GRANBURY (CBSDFW.COM) – FBI Agents are expected to keep secrets. Harold Sundavahl kept some of his for more than 70 years.

Only now, half a dozen years after his death, have some of them have come to light.

Neva Sundvahl Cruz, who lives in Granbury, knew her father worked for the FBI from 1941 to 1945 under J. Edgar Hoover.

She remembers living in Tulsa at the time and her father having to work out of Washington, D. C. and South America.  “His cover was that he was supposed to be looking for movie sets from Hollywood,” she said.

“He truly was with other agents supposed to be looking at the waterways, looking for infiltration of the country to make sure the country was safe from South America,” she said.  “I have found the passports and everything to verify that,” she added.

There was other evidence: signed portraits, plaques and letters.

But Neva says, her father never talked about his work.  He couldn’t.

Once he became an FBI Agent – he was sworn to secrecy for 30 years.

“So, 30 years. And, he was a staunch Swede. He was not going to say a word before the 30th year. So in 1975 he finally would talk and tell me things,” Neva said.

But, he didn’t tell her everything.

There has been renewed interest and curiosity in the controversial, former FBI Director since the release of the movie ‘J. Edgar’ starring Leonardo DiCaprio.  Hoover is portrayed as a man who knew many secrets while concealing those of his own.

Neva said whatever peculiarities Hoover may have had, it would not have bothered her father at all. “It would be something that would be of no importance. He’d just say, ‘Look, no one’s perfect.”

Hoover served eight presidents. He is credited with clamping down on organized crime and ramping up crime fighting technology like the implementation of a nationwide fingerprint data base.

Neva says her father considered Hoover a genius.  “Just had Hoover on a pedestal,” she said.

“J. Edgar even looked like my father, or my father looked like him. They had the same wavy hair and very clean cut and meticulous in their ways of doing things,” she said.

Neva, who saw ‘J. Edgar’ the movie immediately connected with the DiCaprio’s portrayal.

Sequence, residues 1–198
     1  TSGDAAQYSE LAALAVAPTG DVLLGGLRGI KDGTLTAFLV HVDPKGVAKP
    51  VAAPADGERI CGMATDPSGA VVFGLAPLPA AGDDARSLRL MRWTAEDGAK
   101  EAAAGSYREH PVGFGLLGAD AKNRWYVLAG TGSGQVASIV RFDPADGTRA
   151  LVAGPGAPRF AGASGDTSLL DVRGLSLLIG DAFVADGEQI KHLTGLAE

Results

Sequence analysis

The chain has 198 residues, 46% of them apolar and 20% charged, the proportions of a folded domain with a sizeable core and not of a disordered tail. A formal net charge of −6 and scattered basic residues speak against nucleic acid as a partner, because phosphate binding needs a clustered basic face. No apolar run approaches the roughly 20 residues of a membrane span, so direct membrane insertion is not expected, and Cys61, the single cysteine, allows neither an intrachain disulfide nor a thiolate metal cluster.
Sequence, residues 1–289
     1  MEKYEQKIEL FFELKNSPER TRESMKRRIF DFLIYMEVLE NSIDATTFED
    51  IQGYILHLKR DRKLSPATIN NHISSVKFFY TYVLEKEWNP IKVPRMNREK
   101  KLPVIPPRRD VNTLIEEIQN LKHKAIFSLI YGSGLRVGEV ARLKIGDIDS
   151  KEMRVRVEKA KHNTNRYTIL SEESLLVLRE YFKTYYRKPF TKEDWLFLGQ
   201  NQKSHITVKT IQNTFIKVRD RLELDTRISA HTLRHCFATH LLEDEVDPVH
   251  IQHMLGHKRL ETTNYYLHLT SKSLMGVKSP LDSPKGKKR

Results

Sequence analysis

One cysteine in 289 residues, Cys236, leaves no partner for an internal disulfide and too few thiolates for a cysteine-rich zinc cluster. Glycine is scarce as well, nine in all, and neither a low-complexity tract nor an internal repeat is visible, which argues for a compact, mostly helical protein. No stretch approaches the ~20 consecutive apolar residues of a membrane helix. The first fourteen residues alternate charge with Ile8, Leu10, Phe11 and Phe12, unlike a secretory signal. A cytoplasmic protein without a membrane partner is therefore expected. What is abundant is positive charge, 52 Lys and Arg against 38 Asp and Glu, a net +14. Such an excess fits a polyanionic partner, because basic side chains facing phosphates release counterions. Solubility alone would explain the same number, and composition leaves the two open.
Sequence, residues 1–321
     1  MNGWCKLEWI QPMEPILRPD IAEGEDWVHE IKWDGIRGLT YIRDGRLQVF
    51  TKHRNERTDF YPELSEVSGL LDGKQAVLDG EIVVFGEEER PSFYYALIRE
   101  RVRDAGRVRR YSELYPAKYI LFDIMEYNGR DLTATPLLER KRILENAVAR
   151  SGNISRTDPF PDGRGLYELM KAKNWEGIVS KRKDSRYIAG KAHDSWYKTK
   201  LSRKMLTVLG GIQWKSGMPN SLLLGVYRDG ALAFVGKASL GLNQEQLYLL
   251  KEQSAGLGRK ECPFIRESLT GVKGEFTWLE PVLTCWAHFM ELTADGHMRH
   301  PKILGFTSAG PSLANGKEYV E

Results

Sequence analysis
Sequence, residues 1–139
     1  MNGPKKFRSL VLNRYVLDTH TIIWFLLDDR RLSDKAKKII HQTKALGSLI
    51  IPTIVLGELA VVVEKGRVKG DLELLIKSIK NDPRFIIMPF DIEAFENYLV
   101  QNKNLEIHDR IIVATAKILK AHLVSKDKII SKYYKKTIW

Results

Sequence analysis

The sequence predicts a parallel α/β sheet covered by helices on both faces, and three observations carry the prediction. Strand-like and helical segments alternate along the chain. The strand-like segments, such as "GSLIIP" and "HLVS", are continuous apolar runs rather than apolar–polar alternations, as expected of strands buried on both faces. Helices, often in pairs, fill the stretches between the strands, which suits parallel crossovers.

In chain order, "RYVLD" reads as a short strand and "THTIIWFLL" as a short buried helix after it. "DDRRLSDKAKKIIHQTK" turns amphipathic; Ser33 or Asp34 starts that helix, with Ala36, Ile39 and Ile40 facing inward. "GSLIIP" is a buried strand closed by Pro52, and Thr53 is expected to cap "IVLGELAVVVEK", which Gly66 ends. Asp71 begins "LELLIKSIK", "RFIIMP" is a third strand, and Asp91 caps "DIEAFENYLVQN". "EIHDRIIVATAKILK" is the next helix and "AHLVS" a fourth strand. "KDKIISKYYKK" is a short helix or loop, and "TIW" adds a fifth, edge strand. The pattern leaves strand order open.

“I just felt so good when I went to the movie. I thought there it is. It just felt like my father was there. It was cool,” she said.

Which is why she became excited when, recently looking through her father’s old medical records, she uncovered a stash of letters to her father from J. Edgar Hoover. “I was just flipping through them one morning and was just thrilled to have found those,” she said.

There was a telegram from 1941 from the FBI offering her father a job as a Special Agent for $3,200 a year.

“If you accept. You pretty much pay your own transportation,” Neva said.

There were promotion letters. “It seemed to me, he got a $300 pay raise per year for several years that he was in the FBI. Not a lot of money these days,” Neva laughed.

There was also a letter written on J. Edgar Hoover’s personal stationary commending her father for his role in foiling a plot to blow up a cement plant.

It reads:

“Dear Mr. Sundvahl:
Mr. Soucy has advised me of the particularly difficult conditions to which you were subjected in maintaining the plant which resulted in the apprehension of James Gibson Trenary on January 9, 1942, at Security, Maryland.

Your conduct under these unfavorable circumstances was in line with the best traditions of this bureau and I desire to personally commend you on the successful accomplishment of your objective.


J. Edgar Hoover

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